The hydrodynamics parameters controlling FAC in two-phase flows are considered more complex than for single-phase flows due to the complexity of two-phase distribution and the unknown interactions between the gas phase and the liquid [8]. These interactions play a major role in the mass, momentum, and energy transfer between the flow phases as explained by Hassan et al. [9]. Also, the inlet two-phase flow pattern plays an important role in the flow dynamics downstream of the orifices since the phase redistribution downstream depend on the upstream flow regime. For example, bubbles can have significant effects on the turbulent kinetic energy close to the wall, affecting the wall shear stress and pressure. Moreover, Jepson [10] showed that high velocity slugs can cause high turbulence and shear forces at the pipe wall and thus enhance the destruction of the protective inhibitor film.

Computational fluid dynamic (CFD) analysis is used to predict turbulent fluid flow with great accuracy for many applications. However, only the recent advances in computational power have allowed the use of CFD for mass transfer and corrosion studies. This indicated that the accurate prediction of mass transfer near the wall requires resolving the mass transfer boundary layer which may be an order of magnitude smaller than the viscous sub-layer. In order to perform the CFD calculations with good accuracy, fine near-wall grids with correct near-wall turbulence models can therefore provide mass transfer data for the corrosion species. In these cases corrosion is controlled by the mass transfer, relation between the wall mass transfer coefficient and corrosion rate can be derived as explained in details by Keating and Nesic [11]. Furthermore, in formulating the CFD codes, consideration is made to the hydrodynamic parameters affecting the mass transfer rate of the corrosion products to the bulk fluid and consequently the FAC rate. These hydrodynamic parameters are the flow velocity, pipe roughness, piping geometry, and steam quality or void fraction for two-phase flow.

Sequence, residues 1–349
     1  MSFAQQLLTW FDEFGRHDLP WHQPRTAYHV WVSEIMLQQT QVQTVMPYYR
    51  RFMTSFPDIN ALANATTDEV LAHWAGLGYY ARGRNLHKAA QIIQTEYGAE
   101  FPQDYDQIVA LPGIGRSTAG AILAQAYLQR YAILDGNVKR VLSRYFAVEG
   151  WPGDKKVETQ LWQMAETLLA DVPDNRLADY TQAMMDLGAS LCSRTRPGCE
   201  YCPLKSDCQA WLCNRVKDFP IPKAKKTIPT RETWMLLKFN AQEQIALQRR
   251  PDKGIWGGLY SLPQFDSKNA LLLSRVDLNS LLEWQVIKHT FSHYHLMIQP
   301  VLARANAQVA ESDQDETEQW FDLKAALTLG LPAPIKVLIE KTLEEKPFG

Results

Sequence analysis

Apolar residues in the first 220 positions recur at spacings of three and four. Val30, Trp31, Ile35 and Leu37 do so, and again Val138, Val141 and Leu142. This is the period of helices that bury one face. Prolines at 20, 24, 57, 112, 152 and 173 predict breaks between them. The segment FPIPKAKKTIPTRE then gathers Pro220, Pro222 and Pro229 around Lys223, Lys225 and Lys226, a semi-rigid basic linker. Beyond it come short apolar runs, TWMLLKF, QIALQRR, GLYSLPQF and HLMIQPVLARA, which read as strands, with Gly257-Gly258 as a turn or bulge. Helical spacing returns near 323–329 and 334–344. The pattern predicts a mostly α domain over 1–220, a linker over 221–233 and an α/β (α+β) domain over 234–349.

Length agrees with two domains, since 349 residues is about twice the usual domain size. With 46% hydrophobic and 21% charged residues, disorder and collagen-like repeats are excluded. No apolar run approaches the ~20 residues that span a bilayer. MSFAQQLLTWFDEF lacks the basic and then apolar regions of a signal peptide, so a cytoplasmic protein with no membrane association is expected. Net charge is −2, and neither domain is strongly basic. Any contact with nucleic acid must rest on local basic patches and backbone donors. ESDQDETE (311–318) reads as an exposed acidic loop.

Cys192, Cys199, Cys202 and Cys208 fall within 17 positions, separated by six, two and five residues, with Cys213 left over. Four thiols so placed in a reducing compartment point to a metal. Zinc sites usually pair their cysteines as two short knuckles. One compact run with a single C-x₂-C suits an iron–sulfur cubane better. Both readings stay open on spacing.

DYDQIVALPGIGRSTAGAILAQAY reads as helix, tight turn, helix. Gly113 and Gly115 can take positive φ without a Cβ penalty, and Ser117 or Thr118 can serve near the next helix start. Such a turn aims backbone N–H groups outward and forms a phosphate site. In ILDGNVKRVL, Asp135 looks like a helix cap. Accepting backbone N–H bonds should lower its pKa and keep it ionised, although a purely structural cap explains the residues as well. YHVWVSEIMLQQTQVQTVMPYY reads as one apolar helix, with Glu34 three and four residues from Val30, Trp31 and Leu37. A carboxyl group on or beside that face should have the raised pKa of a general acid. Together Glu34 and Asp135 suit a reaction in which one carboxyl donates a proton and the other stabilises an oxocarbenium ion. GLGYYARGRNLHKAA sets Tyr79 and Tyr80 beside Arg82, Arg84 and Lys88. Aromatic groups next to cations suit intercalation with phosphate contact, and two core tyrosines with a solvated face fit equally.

The hydrodynamic effects of the working fluid on FAC have been investigated by many researchers using CFD. Bozzini [12] adopted numerical simulations for investigating wall erosion/corrosion inside a pipe bend for a four-phase flow that comprised of two immiscible liquids, gas and particulate solids. On the other hand, Chang et al. [13] suggested an evaluation scheme to estimate the load carrying capacity of thinned-wall pipes exhibiting FAC. In their study, they employed a steady-state incompressible flow CFD code to determine the pressure distributions as input conditions for a structural finite element analyses in order to calculate local stresses. More recently, Ferng [14] developed an approach that used an erosion/corrosion model and three-dimensional single and two-phase flow models to predict locations of serious FAC in power plant piping systems. Their predictions agreed very well with plant measurements.